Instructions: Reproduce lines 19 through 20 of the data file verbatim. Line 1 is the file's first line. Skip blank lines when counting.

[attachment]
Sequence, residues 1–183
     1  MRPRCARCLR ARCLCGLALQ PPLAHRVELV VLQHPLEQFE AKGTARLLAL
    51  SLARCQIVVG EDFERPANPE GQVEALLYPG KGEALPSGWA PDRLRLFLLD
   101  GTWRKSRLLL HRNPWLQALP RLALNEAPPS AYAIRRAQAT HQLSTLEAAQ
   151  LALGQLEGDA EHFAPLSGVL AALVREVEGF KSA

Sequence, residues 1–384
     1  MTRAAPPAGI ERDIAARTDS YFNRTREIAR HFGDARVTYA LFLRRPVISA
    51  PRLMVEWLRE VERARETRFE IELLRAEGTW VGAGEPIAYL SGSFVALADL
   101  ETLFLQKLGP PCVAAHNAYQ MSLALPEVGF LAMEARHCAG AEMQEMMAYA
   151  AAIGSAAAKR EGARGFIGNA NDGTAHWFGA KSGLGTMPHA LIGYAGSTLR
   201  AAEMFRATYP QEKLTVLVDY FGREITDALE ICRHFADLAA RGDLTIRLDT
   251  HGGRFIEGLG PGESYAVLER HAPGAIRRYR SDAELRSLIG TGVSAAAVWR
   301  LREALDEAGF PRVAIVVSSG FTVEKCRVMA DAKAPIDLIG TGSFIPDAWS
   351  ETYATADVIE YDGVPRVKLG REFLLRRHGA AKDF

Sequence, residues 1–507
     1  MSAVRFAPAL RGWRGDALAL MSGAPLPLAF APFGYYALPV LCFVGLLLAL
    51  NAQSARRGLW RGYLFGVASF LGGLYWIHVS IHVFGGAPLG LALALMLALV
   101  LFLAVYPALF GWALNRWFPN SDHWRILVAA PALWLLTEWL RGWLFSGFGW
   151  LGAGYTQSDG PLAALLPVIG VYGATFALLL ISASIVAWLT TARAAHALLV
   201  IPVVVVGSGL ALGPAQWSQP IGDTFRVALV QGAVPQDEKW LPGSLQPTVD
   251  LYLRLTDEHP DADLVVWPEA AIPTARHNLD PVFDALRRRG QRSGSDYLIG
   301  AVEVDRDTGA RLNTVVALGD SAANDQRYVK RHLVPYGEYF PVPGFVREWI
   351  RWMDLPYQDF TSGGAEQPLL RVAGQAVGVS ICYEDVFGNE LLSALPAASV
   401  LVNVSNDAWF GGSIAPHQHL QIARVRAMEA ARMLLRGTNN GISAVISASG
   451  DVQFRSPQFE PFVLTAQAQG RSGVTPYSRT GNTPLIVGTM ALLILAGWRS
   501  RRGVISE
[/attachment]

   151  LGAGYTQSDG PLAALLPVIG VYGATFALLL ISASIVAWLT TARAAHALLV
   201  IPVVVVGSGL ALGPAQWSQP IGDTFRVALV QGAVPQDEKW LPGSLQPTVD